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The Perseverance rover spotted the Ingenuity helicopter on the surface of the Red Planet.
The Perseverance rover and the Ingenuity Martian helicopter are once again within line-of-sight. On Mars. And the teams managing them exchanged greeting messages. But on Earth. Perseverance even snapped a photo of its innovative robot brother as it landed atop a Red Planet sand dune.
Ingenuity and Perseverance landed together in the Martian crater Jezero in February 2021. Shortly after landing, Ingenuity conducted its first five-fly campaign, showing that powered flight was possible in the rarefied Martian atmosphere. On Wednesday, Ingenuity made its 39th Mars flight, covering 140 meters in 79 seconds. To date, the helicopter has flown a total of 7,830 meters on Mars and has remained in the air for more than 64 minutes.
Ingenuity currently serves as a scout for Perseverance, helping the rover's team choose the best routes through the rugged terrain of Lake Jezero Crater and identify promising Martian rock outcrops for further study. This work is part of an extended helicopter mission.
The 45-kilometer-wide Lake Crater is thought to have been a large lake or Martian river delta millions of years ago, and Perseverance is scouring the area for signs of ancient life on Mars. The six-wheeled robot also collects and stores dozens of samples to send back to Earth. A rocket aboard this lander is supposed to deliver the samples to Mars orbit, where they will be picked up by a European spacecraft and brought back to Earth.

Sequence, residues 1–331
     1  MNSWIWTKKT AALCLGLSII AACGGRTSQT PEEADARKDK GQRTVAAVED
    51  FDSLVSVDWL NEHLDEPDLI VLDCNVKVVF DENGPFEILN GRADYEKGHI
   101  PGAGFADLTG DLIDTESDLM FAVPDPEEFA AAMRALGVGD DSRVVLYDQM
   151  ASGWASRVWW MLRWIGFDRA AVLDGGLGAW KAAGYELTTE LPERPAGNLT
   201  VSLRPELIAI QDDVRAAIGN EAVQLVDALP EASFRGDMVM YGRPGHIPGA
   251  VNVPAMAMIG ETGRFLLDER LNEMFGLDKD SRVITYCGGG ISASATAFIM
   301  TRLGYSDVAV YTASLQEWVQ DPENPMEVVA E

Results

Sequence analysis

Over the past few weeks, Perseverance has been placing duplicate samples in a "warehouse" in Lake Jezero Crater, an area the mission team is calling the Three Forks. So far, six of the planned ten samples have been placed. They will serve as a backup in case the technical condition of the rover does not allow it to deliver the collected material to the NASA lander, scheduled for the end of this decade. In that case, two Ingenuity-like helicopters would fly into the "warehouse" and one by one transfer the samples to the lander. If all goes according to plan, Martian rock samples could be on Earth as early as 2033.